During my almost one-month stay in Singapore, I was worried how my little garden back home in France would turn out in my absence. My other half came to Singapore a week after me; it meant that the garden was not looked after for three weeks. We did not know our neighbours well enough to ask them for assistance in watering the plants, and we did not engage someone to help look after the garden in our absence.
It was the first time we left our newish home for that long. The longest time we were away was about two weeks last August, a few weeks after we had moved into the newly acquired house. Hence, we did not know what to expect from the garden after three weeks of neglect.
This year has been an unexceptionally hot summer in France, with record high temperatures, heatwaves and scanty rainfall. I thought of the worst scenario when I was in Singapore: rampant weeds, wilting bushes, withering young fruit trees, decimation of my budding green beans, tomatoes, raspberries etc. The fact that the quality of our garden soil is rather poor does not help the matter.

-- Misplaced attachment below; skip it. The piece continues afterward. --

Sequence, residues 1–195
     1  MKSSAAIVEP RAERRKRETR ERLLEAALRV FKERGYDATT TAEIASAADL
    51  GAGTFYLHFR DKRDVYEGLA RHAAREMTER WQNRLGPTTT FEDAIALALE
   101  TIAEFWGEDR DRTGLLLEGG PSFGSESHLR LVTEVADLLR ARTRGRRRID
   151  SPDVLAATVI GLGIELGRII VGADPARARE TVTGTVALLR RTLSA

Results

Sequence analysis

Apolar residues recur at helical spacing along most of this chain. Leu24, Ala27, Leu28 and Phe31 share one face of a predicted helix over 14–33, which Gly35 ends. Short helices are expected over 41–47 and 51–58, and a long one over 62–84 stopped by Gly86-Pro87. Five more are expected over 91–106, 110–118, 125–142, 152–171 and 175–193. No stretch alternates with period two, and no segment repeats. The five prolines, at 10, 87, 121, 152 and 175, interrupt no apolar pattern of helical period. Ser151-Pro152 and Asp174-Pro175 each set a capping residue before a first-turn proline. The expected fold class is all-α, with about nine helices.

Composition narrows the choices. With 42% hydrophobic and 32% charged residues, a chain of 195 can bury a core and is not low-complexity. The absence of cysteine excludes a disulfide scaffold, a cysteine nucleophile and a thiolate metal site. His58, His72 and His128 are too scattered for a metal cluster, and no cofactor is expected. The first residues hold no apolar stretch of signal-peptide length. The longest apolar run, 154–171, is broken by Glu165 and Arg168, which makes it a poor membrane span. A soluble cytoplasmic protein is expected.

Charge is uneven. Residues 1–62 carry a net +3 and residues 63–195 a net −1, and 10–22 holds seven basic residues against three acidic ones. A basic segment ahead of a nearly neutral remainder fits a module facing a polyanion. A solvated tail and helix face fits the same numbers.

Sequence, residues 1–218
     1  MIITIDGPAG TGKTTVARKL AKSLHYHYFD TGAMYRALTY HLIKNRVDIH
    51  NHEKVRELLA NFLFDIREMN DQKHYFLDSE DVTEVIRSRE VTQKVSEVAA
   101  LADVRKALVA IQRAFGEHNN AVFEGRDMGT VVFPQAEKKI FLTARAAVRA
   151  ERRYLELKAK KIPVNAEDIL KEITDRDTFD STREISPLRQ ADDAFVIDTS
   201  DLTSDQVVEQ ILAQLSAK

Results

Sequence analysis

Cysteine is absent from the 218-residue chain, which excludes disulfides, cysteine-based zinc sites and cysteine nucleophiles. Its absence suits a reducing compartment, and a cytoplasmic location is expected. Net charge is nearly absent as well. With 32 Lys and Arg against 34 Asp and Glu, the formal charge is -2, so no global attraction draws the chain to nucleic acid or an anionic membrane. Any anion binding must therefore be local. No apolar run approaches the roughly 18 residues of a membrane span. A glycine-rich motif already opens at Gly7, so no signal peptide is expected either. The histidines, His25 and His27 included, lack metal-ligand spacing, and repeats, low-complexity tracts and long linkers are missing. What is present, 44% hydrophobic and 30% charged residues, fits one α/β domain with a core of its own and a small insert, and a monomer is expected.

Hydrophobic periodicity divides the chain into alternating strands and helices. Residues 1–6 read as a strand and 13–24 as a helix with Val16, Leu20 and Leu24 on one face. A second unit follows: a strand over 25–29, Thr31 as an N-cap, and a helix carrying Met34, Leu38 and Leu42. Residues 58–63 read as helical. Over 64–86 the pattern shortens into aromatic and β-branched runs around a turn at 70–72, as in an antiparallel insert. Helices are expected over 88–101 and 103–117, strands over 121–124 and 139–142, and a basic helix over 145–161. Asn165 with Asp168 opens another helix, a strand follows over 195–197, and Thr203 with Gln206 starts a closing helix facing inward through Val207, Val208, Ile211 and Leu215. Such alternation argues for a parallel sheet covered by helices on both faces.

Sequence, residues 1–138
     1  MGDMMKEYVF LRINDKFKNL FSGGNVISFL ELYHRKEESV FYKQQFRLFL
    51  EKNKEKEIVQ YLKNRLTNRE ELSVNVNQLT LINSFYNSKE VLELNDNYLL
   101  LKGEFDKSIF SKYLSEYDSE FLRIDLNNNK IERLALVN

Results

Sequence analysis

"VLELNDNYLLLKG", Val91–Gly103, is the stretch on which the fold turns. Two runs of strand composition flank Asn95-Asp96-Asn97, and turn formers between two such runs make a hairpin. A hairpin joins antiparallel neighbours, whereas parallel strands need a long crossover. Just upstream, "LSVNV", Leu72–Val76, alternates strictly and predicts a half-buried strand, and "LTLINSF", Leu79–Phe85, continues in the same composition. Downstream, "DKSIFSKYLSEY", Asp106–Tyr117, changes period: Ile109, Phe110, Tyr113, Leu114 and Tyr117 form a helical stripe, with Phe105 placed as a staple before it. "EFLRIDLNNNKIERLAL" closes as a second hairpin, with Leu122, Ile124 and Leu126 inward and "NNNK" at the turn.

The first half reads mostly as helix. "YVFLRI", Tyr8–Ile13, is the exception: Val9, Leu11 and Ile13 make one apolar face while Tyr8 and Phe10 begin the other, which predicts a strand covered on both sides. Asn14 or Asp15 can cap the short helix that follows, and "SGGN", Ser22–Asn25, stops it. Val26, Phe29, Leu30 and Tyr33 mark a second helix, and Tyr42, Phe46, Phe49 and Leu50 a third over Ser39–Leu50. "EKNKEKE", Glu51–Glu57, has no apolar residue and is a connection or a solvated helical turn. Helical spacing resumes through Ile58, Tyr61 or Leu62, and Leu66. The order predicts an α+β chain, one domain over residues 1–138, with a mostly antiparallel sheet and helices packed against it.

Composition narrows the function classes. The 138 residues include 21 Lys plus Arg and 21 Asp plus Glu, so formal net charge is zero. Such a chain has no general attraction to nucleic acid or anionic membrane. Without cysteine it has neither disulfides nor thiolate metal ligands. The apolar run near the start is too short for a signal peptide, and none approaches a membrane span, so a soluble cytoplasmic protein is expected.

On the day of homecoming, the moment we opened the gate to our house, I dropped the luggage and made a round of the garden. The reality was not as catastrophic as I had imagined. The plants were more resilient than I expected. Other than my burgeoning basilic herb, most of the flora survived, including my tomatoes. Instead of dying, the tomatoes seemed to have thrived in the heat and dryness. These big, bright red, pulpy tomatoes looked a little too heavy for the slim, green tomato branches.
Most of the other plants did not make it unscathed; many of their leaves had curled up, turned crispy and brown—seemingly signs of dehydration. Now that we are back, I hope the floral will recover soon without any long term negative effects on their immunity systems.